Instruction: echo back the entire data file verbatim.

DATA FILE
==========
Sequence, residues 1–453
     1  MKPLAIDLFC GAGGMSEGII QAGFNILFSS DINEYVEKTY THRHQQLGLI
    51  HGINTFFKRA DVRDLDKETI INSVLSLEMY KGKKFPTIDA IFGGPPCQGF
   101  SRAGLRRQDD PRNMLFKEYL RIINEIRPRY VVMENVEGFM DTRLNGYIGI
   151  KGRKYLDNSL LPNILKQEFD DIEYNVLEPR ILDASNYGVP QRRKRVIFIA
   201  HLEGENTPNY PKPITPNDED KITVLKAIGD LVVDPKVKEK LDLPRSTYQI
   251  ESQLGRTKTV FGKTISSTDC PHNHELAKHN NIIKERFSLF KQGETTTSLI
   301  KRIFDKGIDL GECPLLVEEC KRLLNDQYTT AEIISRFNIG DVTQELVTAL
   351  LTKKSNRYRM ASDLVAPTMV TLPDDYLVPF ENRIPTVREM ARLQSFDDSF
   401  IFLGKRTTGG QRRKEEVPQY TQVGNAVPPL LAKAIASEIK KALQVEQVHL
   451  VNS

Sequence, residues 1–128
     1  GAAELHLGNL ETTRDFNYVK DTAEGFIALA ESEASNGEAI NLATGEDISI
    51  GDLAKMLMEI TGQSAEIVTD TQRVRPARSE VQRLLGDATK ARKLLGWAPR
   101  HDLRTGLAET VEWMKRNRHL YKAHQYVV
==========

Sequence, residues 1–453
     1  MKPLAIDLFC GAGGMSEGII QAGFNILFSS DINEYVEKTY THRHQQLGLI
    51  HGINTFFKRA DVRDLDKETI INSVLSLEMY KGKKFPTIDA IFGGPPCQGF
   101  SRAGLRRQDD PRNMLFKEYL RIINEIRPRY VVMENVEGFM DTRLNGYIGI
   151  KGRKYLDNSL LPNILKQEFD DIEYNVLEPR ILDASNYGVP QRRKRVIFIA
   201  HLEGENTPNY PKPITPNDED KITVLKAIGD LVVDPKVKEK LDLPRSTYQI
   251  ESQLGRTKTV FGKTISSTDC PHNHELAKHN NIIKERFSLF KQGETTTSLI
   301  KRIFDKGIDL GECPLLVEEC KRLLNDQYTT AEIISRFNIG DVTQELVTAL
   351  LTKKSNRYRM ASDLVAPTMV TLPDDYLVPF ENRIPTVREM ARLQSFDDSF
   401  IFLGKRTTGG QRRKEEVPQY TQVGNAVPPL LAKAIASEIK KALQVEQVHL
   451  VNS

Sequence, residues 1–128
     1  GAAELHLGNL ETTRDFNYVK DTAEGFIALA ESEASNGEAI NLATGEDISI
    51  GDLAKMLMEI TGQSAEIVTD TQRVRPARSE VQRLLGDATK ARKLLGWAPR
   101  HDLRTGLAET VEWMKRNRHL YKAHQYVV